Eugene Stoner came up with the weapon after the ArmaLight company sold his AR-15 design to Colt's. (See below for more about that.) The model 63 variant was chambered for the same 5.56 mm cartridge as the AR-15. It was manufactured by Cadillac Gage in Costa Mesa, California, from February 1963 to September 1964, to a total of 234 examples. DARPA bought 25 of that batch, with wooden stocks, and this may well have been one of them, though about 2,000 more Stoner 63s were manufactured in the next few years. I confess I don't remember whether the weapon we fired along the Saigon River had a wooden stock or a plastic one. The Marines were more interested than the Army, but in the end the Stoner 63 was deemed to be "unacceptable for service use."
A tip of the virtual hat to Rick Dunn, who got me interested in this bit of my past. Rick also pointed me to a report on DARPA's counterinsurgency program, Project Agile, that it ran in South Vietnam in 1961-1962. The report explains DARPA's role in developing the M-16 rifle that became the standard infantry weapon of the US and many other militaries. It's rather self-serving, like most government documents, and it may well exaggerate DARPA's role in the rifle's development. But it's well worth reading. Read it here.
I am in that fast-shrinking minority of Americans who remember the bewilderment of President Roosevelt's death and the lesser shock (because it happened during summer vacation, while Joe and I were bringing in the hay for 35 cents an hour) of atomic fission over Hiroshima. Of all possible futures, we could never have imagined that, 75 years on, a celebrity author would turn those few months into a book for quick reading at the beach. TV newsman Chris Wallace has done just that, with help from a Pulitzer-winning ghostwriter. The book flags a bit in the mid-section, but otherwise Countdown 1945: The Extraordinary Story of the Atomic Bomb and the 116 Days That Changed the World is a grand gallop toward a rousing finish. Well done, Messrs Wallace and Weiss! There were a few howlers, to be sure. The authors regularly stress the billions spent on the Manhattan Project, as though it were the most expensive of the War. (Developing the plane that carried those bombs cost quite a bit more.) But the lapses are dwarfed by many brilliant touches. Harry Truman is called to the White House to learn that he is now the president -- but there's no Bible handy, until "a Gideon" is found in the chief usher's desk. Taking the oath, Truman places his palm on its cover, so the Chief Justice asks for a do-over, with the President's hand properly raised. We glimpse the weariness of his Secretary of War: "Henry Stimson's old bones ached." In the run-up to the mission, Before the mission, Enola Gay's pilot changes his call sign from "Victor" to "Dimples," and when the crew tidies the plane, the trash includes "a pair of ladies' panties." After the explosion, Enola Gay circles back toward Hiroshima so the crew can view the fantastic cloud, and a crewman wonders if it contains "all the souls of the victims rising to heaven."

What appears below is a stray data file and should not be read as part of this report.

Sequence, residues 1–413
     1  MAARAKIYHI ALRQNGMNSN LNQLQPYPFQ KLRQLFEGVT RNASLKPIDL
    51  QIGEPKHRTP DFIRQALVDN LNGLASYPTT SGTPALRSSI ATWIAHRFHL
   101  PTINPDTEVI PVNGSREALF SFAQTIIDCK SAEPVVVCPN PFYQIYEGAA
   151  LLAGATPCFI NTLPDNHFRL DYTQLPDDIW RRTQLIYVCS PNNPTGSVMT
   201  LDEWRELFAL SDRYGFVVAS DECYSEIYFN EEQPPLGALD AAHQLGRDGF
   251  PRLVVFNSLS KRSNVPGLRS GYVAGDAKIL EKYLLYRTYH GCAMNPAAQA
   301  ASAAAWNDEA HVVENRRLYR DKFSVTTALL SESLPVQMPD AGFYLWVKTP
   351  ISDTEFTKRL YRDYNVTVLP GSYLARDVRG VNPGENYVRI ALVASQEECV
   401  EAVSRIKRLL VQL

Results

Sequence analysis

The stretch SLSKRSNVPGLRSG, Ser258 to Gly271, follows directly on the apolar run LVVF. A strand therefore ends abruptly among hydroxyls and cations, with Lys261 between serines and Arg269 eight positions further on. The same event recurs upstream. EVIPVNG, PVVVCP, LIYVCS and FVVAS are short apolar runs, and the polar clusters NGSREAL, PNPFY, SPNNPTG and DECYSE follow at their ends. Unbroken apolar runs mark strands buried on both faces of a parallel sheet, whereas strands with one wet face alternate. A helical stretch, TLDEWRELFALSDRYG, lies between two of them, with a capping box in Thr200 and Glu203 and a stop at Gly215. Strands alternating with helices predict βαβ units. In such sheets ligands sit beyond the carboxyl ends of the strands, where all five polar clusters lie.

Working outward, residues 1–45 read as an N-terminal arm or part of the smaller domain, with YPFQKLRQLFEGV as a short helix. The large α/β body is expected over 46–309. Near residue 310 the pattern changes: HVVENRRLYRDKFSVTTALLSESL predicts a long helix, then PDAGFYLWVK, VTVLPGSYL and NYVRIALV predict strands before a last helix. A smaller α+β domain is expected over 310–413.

Then, alas, Mr Matthews gives us his second thoughts, rehashing the tired old arguments about the use of Little Boy and Fat Man. I was particularly amused by his discovery of a generational divide on the subject: "Seven in ten Americans over age sixty said use of atomic weapons was justified. Less than half of those under thirty agreed." Well, sure! What does it cost the kids to disagree? -- even the ones who wouldn't be alive today if their grandfathers had come ashore on a Kyushu beach in November 1945, or on Honshu four months later. Read Countdown 1945 by all means, but skip the breast-beating that's tacked onto it.
Also reviewed this month: Dave Baranek's Tomcat Rio: A Topgun Instructor on the F-14 Tomcat and the Heroic Naval Aviators Who Flew It, for those of us who expected to be watching Tom Cruise reprise his aerial antics on the big screen at about this time; and Markus Zusak's extraordinary novel, The Book Thief, about a young girl, Death, and a town roughly halfway between Munich and Dachau. For those books, see the Warbird's Book Club. Blue skies! -- Daniel Ford
Here are a thousand or so files on airplanes, pilots, and the wars of the past hundred years, grouped under these headings: